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Meet The 2020 Mustang Shelby GT500

Ford had already revealed that the car is "projected" to make 700 hp, and now it's promised to make over 700 hp (and around the same power as the Ford NASCAR race car, Ford said). That may be all what A LOT of people need to know about it. But, as magnificent as it is, making that much horsepower alone isn't the best thing about this car. Less than two weeks ago, I wrote what I thought is going to be the best thing about this car in This GT500 should stay truer to the original 1967 GT500 formula put together by Carroll Shelby and Ford and be more track capable. Carbon Fibre All Things There's a Track Pack. It's called Carbon-Fibre Track pack. I fully expected this car to be more track capable, and I figured there would be a performance pack of some sort like Ford did with the last generation (i.e. the SVT pack). But I didn't expect something of this caliber. Ford seems to have a clear target in its sights; the Camaro ZL1 1LE. The same Ford Per

Saleen Grille Tested - Does It Really Increase Airflow?

730 hp Mustang Saleen 302 Black Label - Saleen © Most people who track their cars quickly come to recognize one of the biggest enemies of speed; heat. Heat affects tires, brakes, fluids, the engine, everything. One area that gets more than its fair share of heat is the engine bay. The most efficient gasoline/petrol engines struggle to exceed 35% efficiency - meaning that more than 65% of the energy in the fuel that is burnt inside the engine is not converted into motion or 'useful energy'. Most of the non-useful energy left over is turned into heat. That means that your average hot hatch making 200 hp could easily produce around 300 kW (400 hp) of heat as a byproduct of making 200 hp. If you're having trouble wrapping your head around that number, that's enough power to heat a large home improvement store. In Canada. Some of that heat goes out the exhaust (thankfully) but a lot of it has to be dealt with in the engine bay through your radiator, and oil cooler i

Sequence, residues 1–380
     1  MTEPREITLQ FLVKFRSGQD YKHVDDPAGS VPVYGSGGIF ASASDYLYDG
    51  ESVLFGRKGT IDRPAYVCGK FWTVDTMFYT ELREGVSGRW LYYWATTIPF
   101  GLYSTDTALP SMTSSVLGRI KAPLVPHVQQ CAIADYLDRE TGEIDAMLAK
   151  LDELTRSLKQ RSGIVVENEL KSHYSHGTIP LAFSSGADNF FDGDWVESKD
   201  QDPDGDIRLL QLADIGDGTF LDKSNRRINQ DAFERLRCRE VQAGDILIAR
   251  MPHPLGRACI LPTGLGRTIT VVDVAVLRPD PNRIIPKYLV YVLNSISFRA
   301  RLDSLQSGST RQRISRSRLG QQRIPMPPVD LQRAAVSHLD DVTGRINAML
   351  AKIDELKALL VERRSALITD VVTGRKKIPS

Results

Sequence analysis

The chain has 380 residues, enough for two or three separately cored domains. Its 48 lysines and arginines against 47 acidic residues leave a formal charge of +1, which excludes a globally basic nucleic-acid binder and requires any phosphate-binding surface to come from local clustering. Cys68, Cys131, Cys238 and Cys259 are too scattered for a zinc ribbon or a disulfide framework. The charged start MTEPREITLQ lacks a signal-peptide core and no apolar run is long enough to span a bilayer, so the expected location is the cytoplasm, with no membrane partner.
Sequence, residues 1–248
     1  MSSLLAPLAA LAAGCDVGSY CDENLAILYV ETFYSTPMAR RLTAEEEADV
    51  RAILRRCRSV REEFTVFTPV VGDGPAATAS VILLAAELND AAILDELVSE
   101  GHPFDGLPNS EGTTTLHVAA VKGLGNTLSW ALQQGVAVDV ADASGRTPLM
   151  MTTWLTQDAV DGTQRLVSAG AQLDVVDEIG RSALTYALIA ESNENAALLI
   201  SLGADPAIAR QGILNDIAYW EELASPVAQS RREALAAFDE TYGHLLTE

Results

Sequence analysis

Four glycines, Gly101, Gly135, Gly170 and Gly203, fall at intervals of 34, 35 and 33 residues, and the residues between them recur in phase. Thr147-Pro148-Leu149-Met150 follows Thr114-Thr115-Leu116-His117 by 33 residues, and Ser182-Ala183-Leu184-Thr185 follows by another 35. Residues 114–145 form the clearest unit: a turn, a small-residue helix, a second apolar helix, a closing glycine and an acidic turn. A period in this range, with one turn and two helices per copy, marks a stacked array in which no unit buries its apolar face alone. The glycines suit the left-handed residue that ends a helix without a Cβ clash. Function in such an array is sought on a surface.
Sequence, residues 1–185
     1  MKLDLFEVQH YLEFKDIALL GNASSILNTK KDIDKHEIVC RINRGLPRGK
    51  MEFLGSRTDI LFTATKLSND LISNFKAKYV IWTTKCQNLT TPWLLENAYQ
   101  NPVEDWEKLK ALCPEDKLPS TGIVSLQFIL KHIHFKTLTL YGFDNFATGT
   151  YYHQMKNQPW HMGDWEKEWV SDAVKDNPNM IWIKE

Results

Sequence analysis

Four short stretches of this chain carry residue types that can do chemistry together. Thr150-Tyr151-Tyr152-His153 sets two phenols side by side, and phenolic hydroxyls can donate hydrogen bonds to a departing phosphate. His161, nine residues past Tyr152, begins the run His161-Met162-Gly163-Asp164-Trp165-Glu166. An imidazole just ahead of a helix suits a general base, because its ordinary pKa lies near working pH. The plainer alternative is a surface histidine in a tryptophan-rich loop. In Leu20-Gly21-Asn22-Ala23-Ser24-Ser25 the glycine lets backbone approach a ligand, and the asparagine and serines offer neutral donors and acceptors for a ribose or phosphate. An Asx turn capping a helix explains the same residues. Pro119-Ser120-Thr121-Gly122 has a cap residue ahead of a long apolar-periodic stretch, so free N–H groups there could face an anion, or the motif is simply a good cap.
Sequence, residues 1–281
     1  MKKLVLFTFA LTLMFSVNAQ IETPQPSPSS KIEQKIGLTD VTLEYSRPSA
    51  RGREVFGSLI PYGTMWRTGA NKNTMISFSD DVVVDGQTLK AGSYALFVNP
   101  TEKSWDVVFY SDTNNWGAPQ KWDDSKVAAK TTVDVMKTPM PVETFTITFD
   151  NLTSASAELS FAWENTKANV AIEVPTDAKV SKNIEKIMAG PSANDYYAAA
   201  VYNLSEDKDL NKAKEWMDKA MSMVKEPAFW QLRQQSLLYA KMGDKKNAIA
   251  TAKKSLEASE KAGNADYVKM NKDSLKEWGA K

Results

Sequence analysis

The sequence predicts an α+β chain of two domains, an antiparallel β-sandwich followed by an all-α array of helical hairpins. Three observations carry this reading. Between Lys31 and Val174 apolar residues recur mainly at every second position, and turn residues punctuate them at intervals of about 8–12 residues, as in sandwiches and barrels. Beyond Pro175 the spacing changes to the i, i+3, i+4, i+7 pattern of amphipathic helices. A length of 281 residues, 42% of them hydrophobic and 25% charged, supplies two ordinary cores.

Can a Viper ACR take on A McLaren Senna on track?

Yes, I have mentioned a Dodge in the same breath as a McLaren, and a McLaren that was named after no one other than Ayrton Senna. You might get angry. You might think I've gone mad or lost my bearings. But before you do any of that, consider this: What is arguably the most outrageous metric or aspect about the Senna? Power? Construction? Brakes? No, in my opinion, it's aerodynamics. The power, the brakes, the suspension, the attention to detail, everything is very impressive, but none is ground breaking, especially for McLaren. The aerodynamics, though, are what resulted in the menacing and brutal function-over-form styling of the Senna which makes an Alien vs Predator battle scene look like child's play in comparison. So if it's aerodynamics, the amount of downforce must be huge (it is). You know the 911 (991) GT3 RS? It makes do with just 262 kg (622 lb.) at 150 mph. The insane 991.2 GT2 RS generates a maximum of 450 kg (992 lb.) at its 211 mph top speed. Tha

The New Shelby GT500 Is Coming in Two Weeks